On Wednesday 4th September 1878, boatmen fished around the filthy River Thames, pulling dead bodies from the putrid waters. There was a stench of sewage and death, only made worse by the late summer heat, as the workers hauled the bloated corpses of men, women and children onto their small crafts and returned them to the docks in east London for identification. Less than 24 hours previously, these corpses had been full of life, enjoying a summer’s day by the coast with their friends and families before boarding a small steamship, the Princess Alice, to take them back down the river to London. They were not to know that the steamer was doomed to be sliced in half by a coal ship three times her size, and that over 650 of them would be dragged underwater with her to their deaths.
What makes this story even more tragic is the fact that it has been largely forgotten. Think of British maritime disasters and your mind may go to the early 20th century; to the Titanic, which famously hit an iceberg on her maiden voyage and was claimed by the North Atlantic, or the Lusitania, a passenger liner sunk by a German torpedo in 1915 within sight of the south-west coast of Ireland. You may even think of war ships, such as HMS Hood which was sunk in 1941 at the cost of over 1,400 British lives. Yet the Princess Alice disaster, which saw the largest ever loss of life on a British waterway, has faded significantly from the national memory. It did not serve a propaganda purpose as the Lusitania did during the first world war, nor did its victims of modest means have the fame and glamour of some of the Titanic victims. Their story is not taught in schools, nor dramatised in film. Despite a media frenzy in the immediate aftermath of the disaster and some modest reforms which came as a result of it, by the turn of the century the all-conquering British empire had moved on as if over 650 people had not drowned one evening within a stone’s throw from its capital.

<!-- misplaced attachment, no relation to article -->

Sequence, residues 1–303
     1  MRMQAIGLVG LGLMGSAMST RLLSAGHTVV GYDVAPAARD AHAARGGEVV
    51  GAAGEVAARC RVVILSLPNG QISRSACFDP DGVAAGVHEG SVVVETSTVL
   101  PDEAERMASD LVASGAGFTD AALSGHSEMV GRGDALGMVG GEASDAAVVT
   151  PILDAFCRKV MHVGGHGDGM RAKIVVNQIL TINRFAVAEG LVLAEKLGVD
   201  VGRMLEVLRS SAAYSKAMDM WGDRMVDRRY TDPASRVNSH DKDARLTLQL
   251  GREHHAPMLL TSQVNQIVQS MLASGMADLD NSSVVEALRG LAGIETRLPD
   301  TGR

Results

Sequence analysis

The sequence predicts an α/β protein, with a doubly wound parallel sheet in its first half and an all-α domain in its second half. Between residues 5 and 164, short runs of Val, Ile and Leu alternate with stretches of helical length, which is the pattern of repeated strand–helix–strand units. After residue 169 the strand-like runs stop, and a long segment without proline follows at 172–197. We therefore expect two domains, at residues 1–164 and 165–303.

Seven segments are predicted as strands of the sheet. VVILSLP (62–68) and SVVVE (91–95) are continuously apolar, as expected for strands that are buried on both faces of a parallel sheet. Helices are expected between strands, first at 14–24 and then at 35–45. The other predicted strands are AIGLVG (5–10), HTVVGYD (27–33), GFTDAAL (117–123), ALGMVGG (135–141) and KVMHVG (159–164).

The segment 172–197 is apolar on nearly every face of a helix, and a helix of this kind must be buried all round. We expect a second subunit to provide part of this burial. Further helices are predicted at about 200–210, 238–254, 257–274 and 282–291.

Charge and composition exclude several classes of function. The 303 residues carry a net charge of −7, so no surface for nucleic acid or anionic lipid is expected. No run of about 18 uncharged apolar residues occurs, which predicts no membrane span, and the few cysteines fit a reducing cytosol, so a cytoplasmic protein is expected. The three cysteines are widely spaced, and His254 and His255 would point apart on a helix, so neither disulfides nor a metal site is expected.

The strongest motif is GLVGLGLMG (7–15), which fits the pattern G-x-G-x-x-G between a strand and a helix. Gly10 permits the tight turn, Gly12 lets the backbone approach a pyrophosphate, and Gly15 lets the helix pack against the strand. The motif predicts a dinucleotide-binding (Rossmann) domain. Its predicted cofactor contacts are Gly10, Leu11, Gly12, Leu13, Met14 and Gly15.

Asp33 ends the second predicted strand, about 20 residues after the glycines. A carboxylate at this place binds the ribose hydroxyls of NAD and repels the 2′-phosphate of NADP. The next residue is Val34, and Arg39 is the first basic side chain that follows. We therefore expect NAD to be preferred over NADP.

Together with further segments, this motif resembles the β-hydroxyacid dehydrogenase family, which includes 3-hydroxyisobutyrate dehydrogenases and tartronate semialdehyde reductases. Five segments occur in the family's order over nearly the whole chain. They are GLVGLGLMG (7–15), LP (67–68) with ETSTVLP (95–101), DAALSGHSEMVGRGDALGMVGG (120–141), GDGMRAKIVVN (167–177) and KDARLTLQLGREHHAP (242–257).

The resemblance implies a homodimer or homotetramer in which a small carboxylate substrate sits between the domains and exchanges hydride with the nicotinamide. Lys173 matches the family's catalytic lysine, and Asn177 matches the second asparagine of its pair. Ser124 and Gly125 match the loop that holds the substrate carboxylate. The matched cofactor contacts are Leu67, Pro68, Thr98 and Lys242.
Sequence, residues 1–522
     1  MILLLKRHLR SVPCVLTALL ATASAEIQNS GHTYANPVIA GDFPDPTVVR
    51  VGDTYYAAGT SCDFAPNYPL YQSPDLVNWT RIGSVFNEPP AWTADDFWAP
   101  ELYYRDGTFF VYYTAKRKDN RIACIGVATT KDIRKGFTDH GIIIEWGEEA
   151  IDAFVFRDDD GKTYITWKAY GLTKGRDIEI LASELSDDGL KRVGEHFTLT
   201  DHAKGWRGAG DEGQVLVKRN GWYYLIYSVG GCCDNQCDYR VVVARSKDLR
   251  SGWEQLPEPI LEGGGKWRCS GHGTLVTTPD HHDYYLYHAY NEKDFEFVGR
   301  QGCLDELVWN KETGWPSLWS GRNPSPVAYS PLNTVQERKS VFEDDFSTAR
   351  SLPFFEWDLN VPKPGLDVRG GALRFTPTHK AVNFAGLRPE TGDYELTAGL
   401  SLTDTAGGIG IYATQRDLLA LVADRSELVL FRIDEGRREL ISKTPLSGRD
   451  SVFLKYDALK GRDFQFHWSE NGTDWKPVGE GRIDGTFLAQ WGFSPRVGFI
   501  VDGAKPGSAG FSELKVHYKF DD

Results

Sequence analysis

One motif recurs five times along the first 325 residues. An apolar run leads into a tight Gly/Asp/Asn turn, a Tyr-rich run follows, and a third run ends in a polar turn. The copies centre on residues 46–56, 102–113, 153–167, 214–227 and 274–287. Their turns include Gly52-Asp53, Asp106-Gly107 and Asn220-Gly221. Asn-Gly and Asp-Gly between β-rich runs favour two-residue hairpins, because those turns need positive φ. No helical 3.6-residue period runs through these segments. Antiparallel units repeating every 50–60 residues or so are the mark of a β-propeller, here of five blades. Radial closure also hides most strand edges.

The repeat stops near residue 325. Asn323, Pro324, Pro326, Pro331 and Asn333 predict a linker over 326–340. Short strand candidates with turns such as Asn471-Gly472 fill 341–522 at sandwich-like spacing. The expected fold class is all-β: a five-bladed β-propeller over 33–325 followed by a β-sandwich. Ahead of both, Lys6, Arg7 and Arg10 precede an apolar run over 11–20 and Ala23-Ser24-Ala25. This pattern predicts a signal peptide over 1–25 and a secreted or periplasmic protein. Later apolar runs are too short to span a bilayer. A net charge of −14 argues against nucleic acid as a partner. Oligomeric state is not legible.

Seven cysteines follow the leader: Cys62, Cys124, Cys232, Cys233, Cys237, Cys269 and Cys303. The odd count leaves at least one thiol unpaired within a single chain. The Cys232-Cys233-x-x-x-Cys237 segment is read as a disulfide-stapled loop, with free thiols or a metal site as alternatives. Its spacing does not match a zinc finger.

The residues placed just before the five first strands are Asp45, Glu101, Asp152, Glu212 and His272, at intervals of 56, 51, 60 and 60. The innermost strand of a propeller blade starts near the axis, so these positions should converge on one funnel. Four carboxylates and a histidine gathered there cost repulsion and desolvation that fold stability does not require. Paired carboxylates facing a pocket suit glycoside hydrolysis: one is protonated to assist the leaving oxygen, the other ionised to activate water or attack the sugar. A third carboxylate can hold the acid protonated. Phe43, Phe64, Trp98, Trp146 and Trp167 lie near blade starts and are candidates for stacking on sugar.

The Princess Alice was originally named The Bute and was launched in 1865 in Greenock, on the west coast of Scotland, to be used as a ferry. It was in 1867 that she travelled south and was re-named, and was again used for ferry service. Tuesday, 3rd September 1878 was no different for Princess Alice than any other day over the previous decade, as she made a routine trip from near London Bridge to Sheerness and Gravesend in Kent. As described by Alice Evans’ article for BBC News, it was an inexpensive trip – about two shillings for a ticket – and most of the passengers on board were working or lower-middle class families from the east end of London, keen to enjoy a day out by the coast before the summer ended. The other people on board included crew, cooks and a band who played jovial music during the journey. The majority of the passengers were headed to the Rosherville Pleasure Gardens in Gravesend, a theme park with attractions including a mini-zoo, while others would have been headed for the promenade on the beach at Sheerness. This was to be a welcome day of relaxation for the many on board who would have rarely had a day off work, and for whom the ability to go for a leisurely day-trip to the seaside was a relatively new and luxurious one.